Billy Cannon//November 1, 2012
//November 1, 2012
As my family settled in to weather Hurricane Sandy (yes, bad pun intended), we prepared some movies for the children, hoping with wild optimism that we would not lose electricity. We also, of course, prepared the flashlights, candles, books and board games that we thought much more likely to help us pass the time. (We made the other necessary preparations, too, purchasing ice, milk, water and other necessities in quantities appropriate for a baseball team, if not an army.)
Luckily, we did not lose power throughout the storm. Our kids were happily entertained while held indoors all day on Monday and Tuesday with a healthy mix of Disney movies, kids’ books and board games. This preparation got me thinking, however, about movies in general . . . and then this blog got me thinking about legal movies in particular. So, herewith, my top five legal movies.
1. A Few Good Men
This was one of the first movies that got me interested in the law when I was in high school. I was initially drawn to it because of the famous scenes (“You can’t handle the truth!”) and the edgy intensity that Jack Nicholson brings to the whole movie. However, I still like it because it takes the time to show how important the preparation of a case is and how meticulous attorneys must be when presenting a case to the jury. Also, the ending, while inspirational for the personal transformation of Lt. Junior Grade Daniel Kaffee (Tom Cruise), does not sugarcoat the reality of a legal battle: sometimes a win is also a loss.
2. Michael Clayton
George Clooney plays the title character, an attorney who handles all of the nitty-gritty, dirty matters for a prestigious big-time law firm. He refers to himself as a “janitor” in one scene. Some great scenes with both George Clooney and Tilda Swinton (in an Oscar-winning role), who stars as general counsel for a large corporation that has retained Clayton’s firm to keep a huge lawsuit out of court. There are lots of plot twists in this movie, but importantly, there is a continuing and mounting tension for Michael Clayton between doing the what he considers the right things, representing his firm’s client and shoring up his personal financial future.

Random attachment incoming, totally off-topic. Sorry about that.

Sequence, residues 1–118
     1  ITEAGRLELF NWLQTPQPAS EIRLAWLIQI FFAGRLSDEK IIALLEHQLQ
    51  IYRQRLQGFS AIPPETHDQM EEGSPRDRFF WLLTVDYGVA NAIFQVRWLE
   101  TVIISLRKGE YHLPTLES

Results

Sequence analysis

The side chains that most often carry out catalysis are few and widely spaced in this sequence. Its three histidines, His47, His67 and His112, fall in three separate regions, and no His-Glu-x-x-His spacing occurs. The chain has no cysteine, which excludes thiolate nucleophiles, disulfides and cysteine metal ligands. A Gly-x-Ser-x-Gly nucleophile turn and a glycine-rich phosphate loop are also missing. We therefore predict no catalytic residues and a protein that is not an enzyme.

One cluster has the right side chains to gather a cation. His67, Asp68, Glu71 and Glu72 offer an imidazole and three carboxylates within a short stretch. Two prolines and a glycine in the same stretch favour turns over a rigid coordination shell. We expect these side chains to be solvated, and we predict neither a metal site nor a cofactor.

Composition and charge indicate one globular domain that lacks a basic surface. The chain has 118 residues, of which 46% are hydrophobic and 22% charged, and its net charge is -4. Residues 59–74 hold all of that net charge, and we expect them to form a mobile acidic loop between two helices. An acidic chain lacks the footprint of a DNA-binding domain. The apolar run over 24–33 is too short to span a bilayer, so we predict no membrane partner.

3. A Civil Action
Based on the nonfiction book by Jonathan Harr, this film stars John Travolta as a plaintiff’s attorney and Robert Duvall as defense counsel in a big dollar plaintiff’s case. Travolta’s character pushes his settlement demand and Duvall attempts to stonewall him at every turn, even filing a Rule 11 motion for sanctions. I like this movie because of the high focus on civil procedure and the actual internal battles that occur at a law firm and among lawyers while both prosecuting and defending a large case.
4. My Cousin Vinny
Hilarious performance by Joe Pesci as Vincent Gambini, a Brooklyn lawyer who has just passed the New York bar on his sixth try. Equally hilarious (and Academy-award-winning) performance by Marisa Tomei as Gambini’s fiance. Great introduction to the rules of civil procedure, the rules of evidence and how not to make an opening statement (“Everything that guy just said is b—–.”). This also will forever hold a special place in my heart because my evidence professor showed selected clips from this movie to illustrate cross-examination with use of documents and photographs. It was a welcome change of pace from Irving Younger.
5. The Verdict
Paul Newman stars in this movie about a washed-up, alcoholic plaintiffs’ lawyer who goes from passing out his business card at funeral homes to trying a big-time and very good medical malpractice case. Great acting all-around and a good look at the intoxicating power of preparing a case and battling it out against a worthy courtroom adversary. I like this movie because it is ultimately inspirational but does not pull punches about the ups and downs of life as a litigator, even within the duration of a single trial.
So there is my top five. Please feel free to offer your own and critique my list. At least that way, you’ll know what you need to have at the ready for the next stay-indoors-for-two-days storm.s